If Peters does want to renounce a 12th MP, what then?  If the Speaker accepts the situation,  that is an end of the matter,  and Parliament continues with 120 MPs.  But what if the Speaker considers that a list vacancy has arisen?  This is an area where the law is unclear. S134(1) of the Electoral Act simply says:

If the Speaker is satisfied that the seat of a member elected as a consequence of inclusion of the member’s name on a list submitted under section 127 has become vacant, the Speaker must, without delay, publish a notice of the vacancy and its cause in the Gazette.

That would then mean the Chief Electoral Officer would then be responsible to determine the name of a new list MP.  As NZ Herald has reported,  that could be Ria Bond or if she declines, Mataroa Paroro, who is married to the sister-in-law of Tracey Martin.  Graeme Edgeler is certain a vacancy cannot arise, saying it is not provided for in s55 of the Act.  I am less certain,  given the situation is without precedent and not explicitly provided for in the Act.  David McGee,  the acknowledged authority writes in Parliamentary Practice in New Zealand notes  (3rd edition, published in 2005, well after the Taranaki King-Country by-election):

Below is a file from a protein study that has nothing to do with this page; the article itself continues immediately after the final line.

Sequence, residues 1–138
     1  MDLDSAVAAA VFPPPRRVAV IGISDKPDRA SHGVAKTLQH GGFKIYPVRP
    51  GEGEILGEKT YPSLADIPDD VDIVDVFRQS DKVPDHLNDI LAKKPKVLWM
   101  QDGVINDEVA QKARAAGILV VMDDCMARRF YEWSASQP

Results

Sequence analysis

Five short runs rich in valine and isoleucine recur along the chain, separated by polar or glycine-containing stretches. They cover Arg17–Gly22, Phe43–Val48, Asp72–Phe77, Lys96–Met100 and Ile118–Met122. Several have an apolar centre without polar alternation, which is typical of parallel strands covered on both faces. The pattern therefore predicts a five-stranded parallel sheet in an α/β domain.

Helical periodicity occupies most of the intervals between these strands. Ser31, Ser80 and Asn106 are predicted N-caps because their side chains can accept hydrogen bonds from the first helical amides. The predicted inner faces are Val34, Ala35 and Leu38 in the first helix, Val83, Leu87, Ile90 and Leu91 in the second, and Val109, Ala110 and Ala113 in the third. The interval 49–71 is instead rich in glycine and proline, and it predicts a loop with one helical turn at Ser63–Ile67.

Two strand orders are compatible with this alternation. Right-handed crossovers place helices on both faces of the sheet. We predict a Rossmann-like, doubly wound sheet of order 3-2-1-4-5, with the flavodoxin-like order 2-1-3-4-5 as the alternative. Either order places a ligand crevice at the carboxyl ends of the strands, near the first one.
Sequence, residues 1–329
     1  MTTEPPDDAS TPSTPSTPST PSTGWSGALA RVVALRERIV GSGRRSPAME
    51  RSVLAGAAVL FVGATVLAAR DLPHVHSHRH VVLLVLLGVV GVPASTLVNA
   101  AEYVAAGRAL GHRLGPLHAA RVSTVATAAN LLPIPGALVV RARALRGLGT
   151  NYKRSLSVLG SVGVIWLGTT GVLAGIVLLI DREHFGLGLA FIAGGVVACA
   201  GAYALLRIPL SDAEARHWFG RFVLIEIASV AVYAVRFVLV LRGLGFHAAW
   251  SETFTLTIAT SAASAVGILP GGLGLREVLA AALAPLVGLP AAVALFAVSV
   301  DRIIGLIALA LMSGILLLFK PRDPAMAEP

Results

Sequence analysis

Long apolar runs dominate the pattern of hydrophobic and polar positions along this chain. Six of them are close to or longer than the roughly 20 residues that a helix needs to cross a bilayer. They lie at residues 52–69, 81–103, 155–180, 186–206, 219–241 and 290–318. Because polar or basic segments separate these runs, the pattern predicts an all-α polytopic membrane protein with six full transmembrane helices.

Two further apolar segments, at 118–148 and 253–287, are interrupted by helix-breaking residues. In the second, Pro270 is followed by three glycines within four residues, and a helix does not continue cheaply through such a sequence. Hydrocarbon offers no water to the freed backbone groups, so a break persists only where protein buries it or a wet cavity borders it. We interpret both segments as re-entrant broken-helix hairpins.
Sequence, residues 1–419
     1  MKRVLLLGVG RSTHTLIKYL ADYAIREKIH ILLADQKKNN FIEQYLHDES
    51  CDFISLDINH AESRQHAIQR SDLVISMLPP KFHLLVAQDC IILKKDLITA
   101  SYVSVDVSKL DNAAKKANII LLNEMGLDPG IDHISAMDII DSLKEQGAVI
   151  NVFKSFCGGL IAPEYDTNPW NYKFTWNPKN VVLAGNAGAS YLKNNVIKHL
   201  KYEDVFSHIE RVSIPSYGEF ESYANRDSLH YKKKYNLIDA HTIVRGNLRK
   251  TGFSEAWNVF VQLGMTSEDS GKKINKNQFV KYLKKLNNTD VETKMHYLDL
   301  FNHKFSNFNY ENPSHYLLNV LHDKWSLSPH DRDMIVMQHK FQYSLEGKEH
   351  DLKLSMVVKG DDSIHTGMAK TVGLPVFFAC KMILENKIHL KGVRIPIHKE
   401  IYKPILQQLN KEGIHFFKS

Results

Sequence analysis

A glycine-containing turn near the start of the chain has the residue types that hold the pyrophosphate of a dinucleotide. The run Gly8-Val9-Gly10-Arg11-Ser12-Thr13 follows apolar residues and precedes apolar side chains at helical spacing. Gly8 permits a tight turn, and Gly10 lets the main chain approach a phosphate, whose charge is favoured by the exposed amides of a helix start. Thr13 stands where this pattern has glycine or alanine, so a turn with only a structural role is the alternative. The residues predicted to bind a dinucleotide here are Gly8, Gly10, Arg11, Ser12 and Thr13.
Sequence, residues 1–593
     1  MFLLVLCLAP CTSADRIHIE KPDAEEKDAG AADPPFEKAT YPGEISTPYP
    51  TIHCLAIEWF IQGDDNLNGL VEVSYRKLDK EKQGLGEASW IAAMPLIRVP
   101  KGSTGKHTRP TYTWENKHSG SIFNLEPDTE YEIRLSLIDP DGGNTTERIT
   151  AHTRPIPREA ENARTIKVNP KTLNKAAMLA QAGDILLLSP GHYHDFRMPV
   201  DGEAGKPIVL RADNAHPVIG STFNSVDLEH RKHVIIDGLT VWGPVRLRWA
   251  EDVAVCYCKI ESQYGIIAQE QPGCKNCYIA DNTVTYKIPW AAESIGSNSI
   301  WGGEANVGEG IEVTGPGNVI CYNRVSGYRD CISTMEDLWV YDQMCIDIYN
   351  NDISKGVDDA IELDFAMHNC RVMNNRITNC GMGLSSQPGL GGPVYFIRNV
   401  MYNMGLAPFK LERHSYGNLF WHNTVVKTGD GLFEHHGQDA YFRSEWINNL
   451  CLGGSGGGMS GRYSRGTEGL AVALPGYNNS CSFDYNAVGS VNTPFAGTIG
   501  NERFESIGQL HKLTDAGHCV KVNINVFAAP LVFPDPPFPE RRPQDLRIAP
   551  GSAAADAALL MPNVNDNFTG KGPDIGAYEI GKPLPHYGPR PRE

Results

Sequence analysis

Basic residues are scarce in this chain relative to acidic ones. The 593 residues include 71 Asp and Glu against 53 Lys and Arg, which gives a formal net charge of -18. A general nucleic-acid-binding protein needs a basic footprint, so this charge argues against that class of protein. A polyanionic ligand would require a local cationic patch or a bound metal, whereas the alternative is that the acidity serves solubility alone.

The responsibility for setting in train the machinery for filling a vacancy in the membership of the House rests with the Speaker.


As far as the House is concerned the Speaker has indicated that before taking the drastic step of declaring the seat of a sitting member to be vacant, the Speaker will give the member concerned leeway to argue to the contrary.  In a doubtful case this may involve the Speaker referring the matter to the Privileges Committee for consideration.

McGee also notes:

However, both the House and the courts may have a role in establishing or helping to establish for the Speaker that a vacancy in fact exists.

If Peters and the Speaker disagree as to whether there is a vacancy in a list seat,  I’d expect that the Speaker would refer the question to the Privileges Committee for inquiry and report,  and for the House to receive the report.  That has happened on occasion.  Of course Winston Peters’ seat on Privileges would have to be taken by another NZ First MP for the duration of the inquiry.